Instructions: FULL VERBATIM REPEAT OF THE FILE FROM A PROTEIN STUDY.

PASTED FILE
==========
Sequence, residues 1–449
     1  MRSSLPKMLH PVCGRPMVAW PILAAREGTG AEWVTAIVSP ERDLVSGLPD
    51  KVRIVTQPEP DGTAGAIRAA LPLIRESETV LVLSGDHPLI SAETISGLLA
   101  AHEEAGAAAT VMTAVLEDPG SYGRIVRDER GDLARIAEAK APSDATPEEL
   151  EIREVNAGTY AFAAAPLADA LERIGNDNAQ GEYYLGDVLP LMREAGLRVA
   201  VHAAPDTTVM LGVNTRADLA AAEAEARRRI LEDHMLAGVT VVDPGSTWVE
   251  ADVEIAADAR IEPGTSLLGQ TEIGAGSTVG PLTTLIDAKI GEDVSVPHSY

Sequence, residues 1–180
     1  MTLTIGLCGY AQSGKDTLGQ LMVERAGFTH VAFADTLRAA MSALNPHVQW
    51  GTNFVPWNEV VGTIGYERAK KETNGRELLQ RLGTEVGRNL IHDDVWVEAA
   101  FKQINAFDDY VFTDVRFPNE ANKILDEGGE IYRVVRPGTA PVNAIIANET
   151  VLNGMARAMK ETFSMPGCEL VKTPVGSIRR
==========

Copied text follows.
Sequence, residues 1–449
     1  MRSSLPKMLH PVCGRPMVAW PILAAREGTG AEWVTAIVSP ERDLVSGLPD
    51  KVRIVTQPEP DGTAGAIRAA LPLIRESETV LVLSGDHPLI SAETISGLLA
   101  AHEEAGAAAT VMTAVLEDPG SYGRIVRDER GDLARIAEAK APSDATPEEL
   151  EIREVNAGTY AFAAAPLADA LERIGNDNAQ GEYYLGDVLP LMREAGLRVA
   201  VHAAPDTTVM LGVNTRADLA AAEAEARRRI LEDHMLAGVT VVDPGSTWVE
   251  ADVEIAADAR IEPGTSLLGQ TEIGAGSTVG PLTTLIDAKI GEDVSVPHSY

Sequence, residues 1–180
     1  MTLTIGLCGY AQSGKDTLGQ LMVERAGFTH VAFADTLRAA MSALNPHVQW
    51  GTNFVPWNEV VGTIGYERAK KETNGRELLQ RLGTEVGRNL IHDDVWVEAA
   101  FKQINAFDDY VFTDVRFPNE ANKILDEGGE IYRVVRPGTA PVNAIIANET
   151  VLNGMARAMK ETFSMPGCEL VKTPVGSIRR